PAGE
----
• Value Chains: The IFRS Framework covers a company’s direct activities, as well as its “interactions and relationships, and use of resources” throughout its value chain. It requires the reporting of significant sustainability risks and opportunities in specific geographic areas, specific facilities, types of assets, and distribution channels, covering its investments as well as the sustainability-related aspects (for example, GHG emissions) of the investments with associates or joint ventures.

Annex Two: SEC ESG Rule

Screens: ESG funds typically include either negative screens—for example, they will not invest in tobacco, coal, tropical forest logging, or other areas—as well as positive screens—such as only investing in clean energy, community-based housing development, etc. The proposed rules require information both on exclusionary and inclusionary screens, including disclosing which proportion of the fund portfolio is subject to the screen. Such disclosure would curb funds that advertise such things as supporting zero deforestation, which in practice covers only a portion of the total portfolio, with the SEC stating that “knowing that a portion of the portfolio is selected without regard to a public screen would be important for investors.”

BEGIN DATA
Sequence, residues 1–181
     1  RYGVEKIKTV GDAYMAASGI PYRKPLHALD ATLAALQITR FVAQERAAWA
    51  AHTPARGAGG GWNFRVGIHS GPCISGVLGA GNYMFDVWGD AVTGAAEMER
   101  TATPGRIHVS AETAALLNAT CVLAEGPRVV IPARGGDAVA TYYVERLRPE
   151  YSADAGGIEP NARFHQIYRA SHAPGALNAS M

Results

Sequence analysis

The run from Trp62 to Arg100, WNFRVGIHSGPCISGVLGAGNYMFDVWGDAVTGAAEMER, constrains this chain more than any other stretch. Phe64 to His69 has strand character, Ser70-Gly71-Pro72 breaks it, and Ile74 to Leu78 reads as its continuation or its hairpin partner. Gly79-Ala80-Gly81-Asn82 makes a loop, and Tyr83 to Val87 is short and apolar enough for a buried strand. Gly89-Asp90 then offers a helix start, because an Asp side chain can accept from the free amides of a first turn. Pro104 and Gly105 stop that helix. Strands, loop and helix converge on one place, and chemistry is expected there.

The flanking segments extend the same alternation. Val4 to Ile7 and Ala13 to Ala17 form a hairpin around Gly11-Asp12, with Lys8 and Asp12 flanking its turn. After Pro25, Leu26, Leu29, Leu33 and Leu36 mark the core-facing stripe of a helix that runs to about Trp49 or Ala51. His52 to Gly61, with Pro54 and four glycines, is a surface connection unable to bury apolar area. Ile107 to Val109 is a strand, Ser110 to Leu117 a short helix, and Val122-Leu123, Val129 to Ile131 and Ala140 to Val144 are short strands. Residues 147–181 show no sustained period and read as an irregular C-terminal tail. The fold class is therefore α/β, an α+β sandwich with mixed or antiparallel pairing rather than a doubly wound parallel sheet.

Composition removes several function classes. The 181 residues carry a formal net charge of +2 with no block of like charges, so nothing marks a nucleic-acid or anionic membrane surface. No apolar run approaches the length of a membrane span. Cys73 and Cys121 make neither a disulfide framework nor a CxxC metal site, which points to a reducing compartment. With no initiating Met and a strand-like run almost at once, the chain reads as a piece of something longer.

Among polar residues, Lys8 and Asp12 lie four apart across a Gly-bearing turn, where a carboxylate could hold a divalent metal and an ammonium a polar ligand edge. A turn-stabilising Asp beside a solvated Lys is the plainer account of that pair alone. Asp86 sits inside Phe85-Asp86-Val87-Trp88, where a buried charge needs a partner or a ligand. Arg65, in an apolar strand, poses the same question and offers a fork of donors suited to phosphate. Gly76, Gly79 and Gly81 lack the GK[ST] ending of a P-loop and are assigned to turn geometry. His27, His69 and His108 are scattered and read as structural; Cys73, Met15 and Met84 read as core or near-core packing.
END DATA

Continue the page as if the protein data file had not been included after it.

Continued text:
• Methodologies: Like the IFRS standard, the SEC proposes that if a fund relies on internal methods or third-party data providers to measure its ESG performance (or both), then the entity needs to disclose the methodology used. This step would make differing internal ESG metrics and measurements more transparent and comparable.
  • GHG Emission Metrics: The most detailed aspect of the SEC proposed rule pertains to GHG metrics and proposes the use of two metrics:
    1. Carbon footprint of financed GHG emissions to help investors understand the extent to which a fund’s investment contributes to emissions and how those emissions change over time compared to other ESG funds.